August 2, 2013
By Sarah Brown
Avidyne Corp. has completed the design phase of its IFD540 and IFD440 and expects to submit the 540 for certification by the end of 2013, Avidyne President and CEO Dan Schwinn said July 29 at EAA AirVenture.
The local FAA office has assured the company that sequestration-induced budget cuts will not slow certification programs, Schwinn said, and so Avidyne expects a quick turnaround. Certification of the IFD440, which shares hardware and a code base with the IFD540, will follow the larger unit; Schwinn estimated it would be certified three to six months later. The IFD540 and IFD440 are plug-and-play replacements for the Garmin GNS530 and GNS430 GPS navigators, respectively.
Schwinn said the company is showing the final IFD540 hardware for the first time at EAA AirVenture. The unit, which uses technology from Avidyne’s Entegra Release 9 systems, has what the company calls a hybrid touch interface, with a touchscreen as well as physical buttons. Avidyne said it has completed a usability study with the FAA and expects to make some changes before certification, although nothing significant.
During the press briefing July 29, Schwinn also provided an update on the AMX240 audio panel with intercom, a slide-in replacement for the Garmin GMA340 and PS Engineering PS8000 series audio panels; the AMX240 is expected to be available around the same time as the 540, Schwinn said.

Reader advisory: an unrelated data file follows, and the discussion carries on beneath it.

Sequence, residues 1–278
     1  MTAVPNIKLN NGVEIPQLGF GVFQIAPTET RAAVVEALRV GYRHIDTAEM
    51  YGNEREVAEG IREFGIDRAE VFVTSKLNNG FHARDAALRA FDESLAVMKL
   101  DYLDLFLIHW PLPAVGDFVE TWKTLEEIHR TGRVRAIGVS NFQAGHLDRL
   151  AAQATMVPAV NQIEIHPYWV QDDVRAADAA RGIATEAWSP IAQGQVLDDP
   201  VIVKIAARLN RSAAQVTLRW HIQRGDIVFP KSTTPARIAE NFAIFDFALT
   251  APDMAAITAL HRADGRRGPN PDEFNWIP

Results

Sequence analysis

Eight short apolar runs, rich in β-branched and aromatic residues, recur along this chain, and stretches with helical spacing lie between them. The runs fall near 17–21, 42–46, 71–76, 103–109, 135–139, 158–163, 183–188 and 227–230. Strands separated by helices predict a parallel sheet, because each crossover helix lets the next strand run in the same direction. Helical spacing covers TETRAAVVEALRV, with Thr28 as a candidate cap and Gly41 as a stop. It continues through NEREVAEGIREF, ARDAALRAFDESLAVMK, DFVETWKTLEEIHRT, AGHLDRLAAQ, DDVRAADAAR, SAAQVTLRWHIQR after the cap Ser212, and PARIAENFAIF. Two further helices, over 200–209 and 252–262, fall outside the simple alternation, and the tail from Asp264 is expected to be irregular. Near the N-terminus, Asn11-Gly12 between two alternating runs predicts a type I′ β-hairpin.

In a similar certification timeline as the IFD540 is the AXP340 Mode S transponder, a replacement for the KT76A. Paired with Avidyne’s TAS-A with VeriTAS traffic advisory system (TAS), the transponder completes a full Automatic Dependent Surveillance-Broadcast (ADS-B) solution.
TAS-A with VeriTAS combines traditional TAS performance in low-ADS-B-coverage areas with the more accurate returns of ADS-B wherever ADS-B-equipped aircraft or Automatic Dependent Surveillance-Rebroadcast (ADS-R) ground stations are nearby. Schwinn said Avidyne has developed predictive collision logic that evaluates the flight paths of aircraft “with a goal of greatly reducing nuisance alerts.”
With the VeriTAS system, aircraft are surrounded by two zones of protection. The first, the protected airspace zone, is wider and dynamic, taking into account the trajectory of various aircraft and the likelihood of their paths coming together. A smaller collision airspace zone is a smaller “hockey puck” around the aircraft.
FAA Information and Services,
Greg Pecoraro, AOPA vice president of airports and state advocacy, brought Indiana aviation community members up to date on the association’s initiatives.
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